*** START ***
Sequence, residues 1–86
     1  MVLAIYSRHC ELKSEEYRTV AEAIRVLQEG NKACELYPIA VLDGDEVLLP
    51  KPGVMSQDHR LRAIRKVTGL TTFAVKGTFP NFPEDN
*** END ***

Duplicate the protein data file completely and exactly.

Sequence, residues 1–86
     1  MVLAIYSRHC ELKSEEYRTV AEAIRVLQEG NKACELYPIA VLDGDEVLLP
    51  KPGVMSQDHR LRAIRKVTGL TTFAVKGTFP NFPEDN